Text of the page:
• Visible Optical Fingerprint Sensor Package
  • A visible optical fingerprint sensor package can be used to dispose one or more photodiode arrays of an optical fingerprint sensor on at one or more display side or edge positions outside the display screen area to make the presence of the optical fingerprint sensor “visible” on the device in the context that the optical fingerprint sensor module is partially or entirely outside the display screen area. A window or a partially transparent coating or cover can be used for the detector arrays in such a visual optical fingerprint sensor package.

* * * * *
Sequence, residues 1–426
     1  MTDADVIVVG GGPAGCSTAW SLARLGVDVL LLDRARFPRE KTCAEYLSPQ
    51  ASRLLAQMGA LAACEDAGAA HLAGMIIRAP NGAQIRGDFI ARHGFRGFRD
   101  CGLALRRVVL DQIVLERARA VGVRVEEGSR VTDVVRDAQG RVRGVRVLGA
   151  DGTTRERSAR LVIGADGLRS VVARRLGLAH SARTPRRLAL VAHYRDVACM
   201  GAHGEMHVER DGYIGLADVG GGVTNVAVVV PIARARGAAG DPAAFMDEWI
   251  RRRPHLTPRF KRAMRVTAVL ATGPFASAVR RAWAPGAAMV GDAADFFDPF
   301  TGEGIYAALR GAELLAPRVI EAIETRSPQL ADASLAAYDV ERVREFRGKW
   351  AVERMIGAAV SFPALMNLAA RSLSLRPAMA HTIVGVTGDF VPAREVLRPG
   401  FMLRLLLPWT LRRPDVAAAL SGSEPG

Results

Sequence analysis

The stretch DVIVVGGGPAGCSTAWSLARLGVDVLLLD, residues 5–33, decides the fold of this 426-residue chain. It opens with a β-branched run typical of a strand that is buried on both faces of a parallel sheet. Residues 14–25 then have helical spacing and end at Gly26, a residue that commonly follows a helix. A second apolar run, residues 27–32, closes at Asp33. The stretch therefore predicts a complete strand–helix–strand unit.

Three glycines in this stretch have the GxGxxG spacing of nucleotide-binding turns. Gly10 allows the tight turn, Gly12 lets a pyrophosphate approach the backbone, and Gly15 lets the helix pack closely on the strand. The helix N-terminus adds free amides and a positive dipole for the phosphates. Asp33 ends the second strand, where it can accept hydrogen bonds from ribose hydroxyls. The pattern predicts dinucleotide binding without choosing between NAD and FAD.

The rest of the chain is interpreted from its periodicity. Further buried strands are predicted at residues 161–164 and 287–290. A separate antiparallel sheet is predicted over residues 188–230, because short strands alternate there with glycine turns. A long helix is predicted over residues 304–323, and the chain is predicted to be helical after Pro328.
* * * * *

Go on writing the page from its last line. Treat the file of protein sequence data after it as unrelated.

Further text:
• FIG. 1 shows an example of a visible optical fingerprint sensor package in a mobile device with three different views of features in connection with the visible optical fingerprint sensor package. FIG. 1 includes three different views in FIGS. 1A (top view from the display side of the mobile device), 1B (side view along the line B-B′ in FIG. 1A to show different layers in the fingerprint sensor) and 1C (showing some details of example of optical detector arrangement of the fingerprint sensor). Referring to FIG. 1A, this example of a mobile device includes a display assembly 10 with an integrated finger property sensor component. The display assembly 10 includes a display screen that can be implemented by a LCD screen, an OLED screen or other display screen designs. The display screen in the display assembly 10 an be a touch sensitive screen to provide a touch sensing user interface in operating the mobile device. Referring to FIG. 1B, the display assembly 10 includes an enhanced cover glass 50 on the top and other display layers 54 for the display screen disposed below the enhanced cover glass 50. As shown in FIG. 1A, reference number 12 indicates one example of a position of another sensor and two or more other sensors can be placed on the mobile device beyond the fingerprint sensor. The mobile device can also include optional user input mechanisms such as side buttons 14, 16 prepared for the smart terminals. Reference number 21 represents the fingerprint sensor zone, where the fingerprint sensor is located. Reference number 23 represents a detector array associated with the fingerprint sensor in some fingerprint sensor implementations (FIG. 1C). The fingerprint sensor zone 21 is located outside the display screen of the display assembly 10 at a selected location to allow the optical detectors within fingerprint sensor zone 21 for capturing fingerprints to be able to receive reflected or scattered light from a user's finger for the fingerprint sensing operations. As shown by the insert drawing in FIG. 1B, disposed above the optical detector array 23 are receiving optics 24 (e.g., optical lenses or optical collimators), which are the optical detectors for detecting light reflected off of a target, such as a finger. The receiving optics 24 above the photodetector array 23 can be in various configurations, e.g., it may include one or more lenses in some designs, optical collimators without lenses, or combining lenses and collimators. A back board 25 with integrated circuitry is disposed below the detector array 23 as shown in FIG. 1B. In some implementations, the detector array 23 can be integrated into the backboard 25. The backboard 25 can be disposed over a flexible printed circuit (FPC) 27. For the specific design shown in FIGS. 1A and 1B where the optical detector array 23 for the optical fingerprint sensing is placed next to one end of the display screen structure 54, a support glass 56 may be disposed at the other side of the optical fingerprint sensor module under the cover glass 50 to strengthen the mechanical strength of the overall assembly at the optical fingerprint sensor module area and to improve the structural integrity of the overall packaging. For devices that use the cover glass 50 with a high strength material or with a sufficient thick glass, this support glass 56 may be eliminated.